Family Values @ Work

Sandwich Maker Gets Fired After Calling In Sick, Then Joins A Crusade

March 15, 2013

For three years, Ian Rizzio, 24, had been working for a Portland sandwich shop to put himself through school. He was the manager — working 25 to 35 hours a week, earning $9.50 an hour — when one day he woke up feeling sick. He went into work, but ended up vomiting in the bathroom. Knowing that he couldn’t serve food under the state’s health code, he waited in his car for two hours, trying to reach his boss, and leaving messages. Finally he says he went home to rest.

When Rizzio came to the shop the next day, he says that his boss fired him on the spot. Like almost everywhere in the U.S. today, it was then legal in Portland for an employer to fire someone for calling in sick. “With over $35,000 in student loans, it was a do-or-die situation,” Rizzio told AOL Jobs. He thought that he might have to withdraw from school, where he was studying to be a mechanical engineer.

Luckily, Rizzio managed to find a new job the next day, as a prep cook. But when the advocacy group Working America knocked on his door soon after, and asked if he wanted to get involved in their sick-day campaign, Rizzio gave an enthusiastic yes. And on Wednesday, after Rizzio and others testified before the Portland City Council, it voted unanimously to approve a law requiring private employers to offer paid sick leave It became the fourth city in the U.S. to adopt such a bill; on Thursday, Philadelphia’s City Council passed a similar bill, but it failed to get enough votes to overcome the mayor’s likely veto.

“Me and my fiancee both work in the food industry, as do many of my close relatives and close friends,” explains Rizzio, who helped collect signatures supporting Portland’s sick day bill. “It was an issue that hit really close to home.”

According to the advocacy group Restaurant Opportunities Center United, almost 90 percent of restaurant workers don’t have paid sick leave. Overall, about 40 percent of American workers have no paid sick leave, according to the Bureau of Labor Statistics. In a 2011 survey, the Center for Disease Control found that 12 percent of food service workers had vomited or had diarrhea on two or more shifts in the past year. Under Portland’s new law, businesses with at least six employees must grant their workers an hour of sick leave for every 30 hours they work — up to 40 hours a year.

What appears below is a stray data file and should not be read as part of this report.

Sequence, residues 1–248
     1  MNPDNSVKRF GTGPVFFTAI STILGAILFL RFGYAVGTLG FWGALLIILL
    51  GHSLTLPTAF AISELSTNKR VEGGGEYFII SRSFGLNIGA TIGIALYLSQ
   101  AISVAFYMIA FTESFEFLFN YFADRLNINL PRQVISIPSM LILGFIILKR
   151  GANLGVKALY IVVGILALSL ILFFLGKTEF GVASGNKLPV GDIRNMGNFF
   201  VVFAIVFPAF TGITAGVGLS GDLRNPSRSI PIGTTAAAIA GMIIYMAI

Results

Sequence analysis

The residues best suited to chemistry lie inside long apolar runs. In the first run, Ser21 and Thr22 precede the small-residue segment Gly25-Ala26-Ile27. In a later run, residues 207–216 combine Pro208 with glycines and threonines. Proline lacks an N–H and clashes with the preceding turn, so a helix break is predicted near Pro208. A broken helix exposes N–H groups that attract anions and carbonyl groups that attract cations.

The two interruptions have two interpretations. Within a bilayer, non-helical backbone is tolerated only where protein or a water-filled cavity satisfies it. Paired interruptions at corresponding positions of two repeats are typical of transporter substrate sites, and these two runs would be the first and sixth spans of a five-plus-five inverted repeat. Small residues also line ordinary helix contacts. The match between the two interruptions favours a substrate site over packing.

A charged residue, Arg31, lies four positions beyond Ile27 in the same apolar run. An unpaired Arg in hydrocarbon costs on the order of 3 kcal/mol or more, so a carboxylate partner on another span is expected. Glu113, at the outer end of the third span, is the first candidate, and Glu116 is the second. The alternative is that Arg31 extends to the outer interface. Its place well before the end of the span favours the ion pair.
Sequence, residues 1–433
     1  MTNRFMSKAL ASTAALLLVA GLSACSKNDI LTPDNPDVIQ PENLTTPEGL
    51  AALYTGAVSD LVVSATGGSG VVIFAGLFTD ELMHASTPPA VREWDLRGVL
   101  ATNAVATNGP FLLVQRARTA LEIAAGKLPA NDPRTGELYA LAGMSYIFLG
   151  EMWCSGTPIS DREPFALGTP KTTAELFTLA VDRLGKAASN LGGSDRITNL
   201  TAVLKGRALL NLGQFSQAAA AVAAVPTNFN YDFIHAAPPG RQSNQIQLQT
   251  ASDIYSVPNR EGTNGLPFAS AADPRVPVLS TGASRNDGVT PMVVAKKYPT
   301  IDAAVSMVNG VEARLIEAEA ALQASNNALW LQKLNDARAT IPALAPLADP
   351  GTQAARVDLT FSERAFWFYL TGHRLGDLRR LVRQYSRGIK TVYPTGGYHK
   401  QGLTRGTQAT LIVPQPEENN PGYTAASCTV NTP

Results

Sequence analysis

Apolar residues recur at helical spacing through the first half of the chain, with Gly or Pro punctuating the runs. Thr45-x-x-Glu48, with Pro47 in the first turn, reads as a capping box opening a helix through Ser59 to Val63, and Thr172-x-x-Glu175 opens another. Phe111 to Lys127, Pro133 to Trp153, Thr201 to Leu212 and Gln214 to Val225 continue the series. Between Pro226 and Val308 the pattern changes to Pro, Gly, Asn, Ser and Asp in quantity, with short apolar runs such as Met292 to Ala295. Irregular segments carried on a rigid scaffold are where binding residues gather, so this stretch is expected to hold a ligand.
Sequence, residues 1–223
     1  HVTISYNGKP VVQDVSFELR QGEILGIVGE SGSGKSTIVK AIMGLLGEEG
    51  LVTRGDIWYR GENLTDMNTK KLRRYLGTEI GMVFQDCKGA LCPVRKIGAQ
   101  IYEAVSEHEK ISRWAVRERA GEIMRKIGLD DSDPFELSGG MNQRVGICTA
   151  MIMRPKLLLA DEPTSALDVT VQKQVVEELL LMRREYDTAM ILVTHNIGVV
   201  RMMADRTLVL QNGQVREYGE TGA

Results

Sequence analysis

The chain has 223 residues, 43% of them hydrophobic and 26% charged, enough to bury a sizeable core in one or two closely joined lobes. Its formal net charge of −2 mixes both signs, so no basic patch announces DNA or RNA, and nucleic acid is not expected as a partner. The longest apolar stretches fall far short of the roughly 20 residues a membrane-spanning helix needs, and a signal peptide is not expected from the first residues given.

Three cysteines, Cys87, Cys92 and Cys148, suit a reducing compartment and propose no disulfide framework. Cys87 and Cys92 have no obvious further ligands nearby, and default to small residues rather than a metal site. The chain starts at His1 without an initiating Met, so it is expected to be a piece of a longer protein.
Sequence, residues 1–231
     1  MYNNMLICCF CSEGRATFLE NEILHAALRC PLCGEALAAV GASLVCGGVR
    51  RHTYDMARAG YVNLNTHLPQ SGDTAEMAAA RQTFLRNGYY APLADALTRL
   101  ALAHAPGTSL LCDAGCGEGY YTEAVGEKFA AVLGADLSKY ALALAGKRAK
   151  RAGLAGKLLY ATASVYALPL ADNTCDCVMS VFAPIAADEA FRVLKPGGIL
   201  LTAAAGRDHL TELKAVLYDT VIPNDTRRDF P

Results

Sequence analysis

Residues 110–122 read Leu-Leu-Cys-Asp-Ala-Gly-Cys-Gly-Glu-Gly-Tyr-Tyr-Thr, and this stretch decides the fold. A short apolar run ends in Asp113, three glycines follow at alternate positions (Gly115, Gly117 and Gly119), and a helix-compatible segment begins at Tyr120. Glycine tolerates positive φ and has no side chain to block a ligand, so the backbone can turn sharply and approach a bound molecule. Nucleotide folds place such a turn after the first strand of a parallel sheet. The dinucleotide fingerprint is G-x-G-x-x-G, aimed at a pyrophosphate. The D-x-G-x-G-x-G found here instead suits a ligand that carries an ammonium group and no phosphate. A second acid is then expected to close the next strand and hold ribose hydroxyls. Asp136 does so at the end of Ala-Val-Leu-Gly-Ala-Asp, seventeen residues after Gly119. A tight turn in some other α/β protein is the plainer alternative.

The fight for paid sick days has been an uphill battle. Republicans quashed a 2009 bill that would have mandated sick leave nationwide for businesses with at least 15 employees, so movement on the issue has been local. Since 2007, San Francisco, Washington, D.C., Seattle, the state of Connecticut, and now Portland have mandated paid sick leave.

But the issue has gained momentum in the last few months, with advocacy groups, like the Restaurant Opportunities Center United, campaigning aggressively for new laws. Earlier this month, Maryland lawmakers proposed their own version of the law, and on Friday, New York City will have a public hearing on its own paid sick leave bill. Even feminist icon Gloria Steinem has spoken out on the subject, saying that she won’t support New York City Council Speaker Christine Quinn unless she reverses her opposition to the bill.

Sick leave proposals tend to face strong resistance from business. Quinn has said that she supports the goal of paid sick leave, but that “with the current state of the economy and so many businesses struggling to stay alive, I do not believe it would be wise to implement this policy, in this way, at this time.”

“It’s the same arguments that business leaders always have,” explains Rizzio about the opposition he faced in his hometown. “It’s going to cost more money. It’s going to be less efficient. They’re going to move business out of Portland.”

Research has not backed up these fears though. The nonprofit research group the Institute for Women’s Policy Research conducted a cost-benefit analysis of sick leave laws almost everywhere they come to a vote. Their results are always the same: The estimated cost of paid sick leave (around 19 cents per hour per employee) is significantly outweighed by the savings due to reduced turnover and increased productivity. The institute also calculated significant savings for the government in terms of fewer emergency room visits, fewer nursing home stays, and more limited virus outbreaks.

A study published last year analyzing the flu pandemic of 2009 found that a lack of paid sick leave contributed to an estimated 6.2 million cases.

Opposition, however, is sizable and steadfast. In 2011, Denver voted down a paid leave bill almost 2 to 1, and Wisconsin Gov. Scott Walker banned any locality from passing paid sick leave regulations, nullifying the law that Milwaukee passed in 2008. And last September, the board of commissioners in Orange County, Fla., knocked paid sick leave off the upcoming ballot, despite 50,000 citizen signatures in support of it. It later emerged that the board had been in close contact with lobbyists for The Walt Disney Company, operators of the Walt Disney World Resort, and for Darden Restaurants, which owns Red Lobster and Olive Garden.

For people who lack paid sick leave and hope to follow Portland’s example, Rizzio has one piece of advice: “Organize.”